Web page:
Detailed Guide on the University Clinical Aptitude Test (UCAT-UCKAT)

  • Overview
  • Curriculum
  • Reviews

The University Clinical Aptitude Test (UCAT) is a predictor of job performance for a range of job positions. It is a pre-employment test that measures your problem-solving, critical thinking, mathematical reasoning, and analysis skills.

The UCAT is used as an admissions exam by many UK Universities for entrance to their dental and medical degree studies. The University Clinical Aptitude Test (UCAT) is the most frequently used exam by UK medical schools. Universities use the UCAT to identify candidates with the most suitable mental aptitudes and professional conduct. The UCAT is often used in conduction with other admission requirements, including academic degrees, personal statements, and UCAT application.

Attention! If you need to pass Universal Cognitive Aptitude Test (UCAT) created by Criteria, here is the Preparation Course for Universal Cognitive Aptitude Test.

What is the UCAT (UKCAT) test?

The UCAT, (known as the UKCAT until 2019), or University Clinical Aptitude Test, is an aptitude exam designed by Pearson VUE, which assesses the general cognitive skills of a candidate. The UCAT is focused on assessing the reasoning skills and ability to critically evaluate information.

Medical schools use the UKCAT to help them assess whether or not an applicant has the appropriate skill set to practice as a dentist or doctor. It achieves this by measuring their mental skills, general attitude, and overall professionalism. It is typically deemed to be a core requirement for Medical programs.

UCAT Prep Course

Explore UCAT Test Format

The UCAT test is a multiple-choice exam and is made up of five subtests. The UCAT is a computerized test that lasts for two-hours. You’ll take it at the testing center assigned to you. Each section of the exam needs to be addressed in the order presented. Once you begin the exam you cannot pause for a break, however, a timed instruction part is factored in, prior to each sub-test.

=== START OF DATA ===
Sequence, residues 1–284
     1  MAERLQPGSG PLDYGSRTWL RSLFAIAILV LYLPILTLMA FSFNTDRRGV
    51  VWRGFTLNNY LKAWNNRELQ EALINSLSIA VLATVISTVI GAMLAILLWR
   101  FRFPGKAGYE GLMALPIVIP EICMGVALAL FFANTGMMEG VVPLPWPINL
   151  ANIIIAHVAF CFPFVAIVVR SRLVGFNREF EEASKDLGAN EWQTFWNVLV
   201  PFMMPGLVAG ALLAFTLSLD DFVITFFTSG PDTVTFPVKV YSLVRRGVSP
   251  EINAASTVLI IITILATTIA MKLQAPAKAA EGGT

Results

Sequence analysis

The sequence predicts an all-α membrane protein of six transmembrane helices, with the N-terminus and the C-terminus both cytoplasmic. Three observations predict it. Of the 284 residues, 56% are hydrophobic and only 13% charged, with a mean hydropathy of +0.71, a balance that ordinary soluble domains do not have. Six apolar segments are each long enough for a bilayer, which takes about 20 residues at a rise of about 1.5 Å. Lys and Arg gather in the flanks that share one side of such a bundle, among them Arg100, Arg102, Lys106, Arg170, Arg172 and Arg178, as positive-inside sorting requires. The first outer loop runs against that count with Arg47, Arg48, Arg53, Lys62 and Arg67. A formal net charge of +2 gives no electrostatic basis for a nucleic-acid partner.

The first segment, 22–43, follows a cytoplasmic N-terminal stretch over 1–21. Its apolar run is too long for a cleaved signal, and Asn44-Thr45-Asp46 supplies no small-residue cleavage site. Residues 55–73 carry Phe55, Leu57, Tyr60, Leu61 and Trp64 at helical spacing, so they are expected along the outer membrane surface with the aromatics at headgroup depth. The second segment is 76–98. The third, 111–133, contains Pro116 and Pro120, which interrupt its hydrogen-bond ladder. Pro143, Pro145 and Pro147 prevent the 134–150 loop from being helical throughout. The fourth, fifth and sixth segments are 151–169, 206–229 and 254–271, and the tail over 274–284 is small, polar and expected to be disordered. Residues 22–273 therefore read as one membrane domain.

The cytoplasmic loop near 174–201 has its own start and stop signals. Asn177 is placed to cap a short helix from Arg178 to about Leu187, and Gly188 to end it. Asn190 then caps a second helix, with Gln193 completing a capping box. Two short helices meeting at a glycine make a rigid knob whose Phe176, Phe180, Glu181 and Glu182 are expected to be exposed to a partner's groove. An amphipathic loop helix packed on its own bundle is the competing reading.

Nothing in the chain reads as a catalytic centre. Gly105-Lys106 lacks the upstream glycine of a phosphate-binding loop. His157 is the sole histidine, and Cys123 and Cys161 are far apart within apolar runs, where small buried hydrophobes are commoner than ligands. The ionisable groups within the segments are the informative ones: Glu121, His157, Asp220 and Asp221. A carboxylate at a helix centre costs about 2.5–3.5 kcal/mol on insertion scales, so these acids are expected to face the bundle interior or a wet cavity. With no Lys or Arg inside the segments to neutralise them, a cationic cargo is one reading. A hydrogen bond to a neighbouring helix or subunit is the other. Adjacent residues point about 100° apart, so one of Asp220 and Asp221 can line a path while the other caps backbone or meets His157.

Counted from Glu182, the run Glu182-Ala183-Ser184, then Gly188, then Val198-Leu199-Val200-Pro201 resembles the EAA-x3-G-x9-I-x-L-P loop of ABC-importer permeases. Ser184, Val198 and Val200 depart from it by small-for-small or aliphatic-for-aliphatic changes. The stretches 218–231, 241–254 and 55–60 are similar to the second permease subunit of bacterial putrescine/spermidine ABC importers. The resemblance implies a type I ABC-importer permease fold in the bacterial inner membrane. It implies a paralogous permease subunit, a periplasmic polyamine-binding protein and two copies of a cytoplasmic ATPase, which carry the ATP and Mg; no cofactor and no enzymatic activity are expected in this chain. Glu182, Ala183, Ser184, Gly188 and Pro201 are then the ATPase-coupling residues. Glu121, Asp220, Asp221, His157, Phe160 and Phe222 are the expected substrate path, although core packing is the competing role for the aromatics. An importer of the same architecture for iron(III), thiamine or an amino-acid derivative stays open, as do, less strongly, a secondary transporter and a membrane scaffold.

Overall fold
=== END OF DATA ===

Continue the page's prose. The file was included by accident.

The UCAT sections are as follows:

  • Verbal Reasoning – 44 questions (22 minutes + 1 minute of reading)
  • Decision Making – 29 questions (32 minutes + 1 minute of reading)
  • Quantitative Reasoning – 36 questions (25 minutes + 1 minute of reading)
  • Abstract Reasoning – 55 questions (14 minutes + 1 minute of reading)
  • Situational Judgement – 69 questions (27 minutes + 1 minute of reading)

The UKCAT test is an online test taken at a Pearson center near to where the candidate is based. Candidates cannot bring external materials into the exam. A basic calculator is given on the screen in the decision-making tests and quantitative reasoning. You will also receive a marker pen and whiteboard pen, which you can use to take notes.

UCAT Scores: What is the Average Score?

Once you complete the UCAT test your score report is forwarded to the employer requesting the exam. The score report shows your raw score, sub-scores for specific categories, a percentile ranking, and it will show how your score fares in comparison to the desired score range for particular job roles.

Different job roles demand varying scores. Here a few examples of scores for particular jobs:

Store Manager: 20-37
Customer service Rep: 18-32
Lawyer: 29-42

The average UCAT score is provided by the UCAT Consortium in their yearly report. The UCAT scores are broken down according to the sections of the exam. Here is the data from the 2019 UCAT test sitting: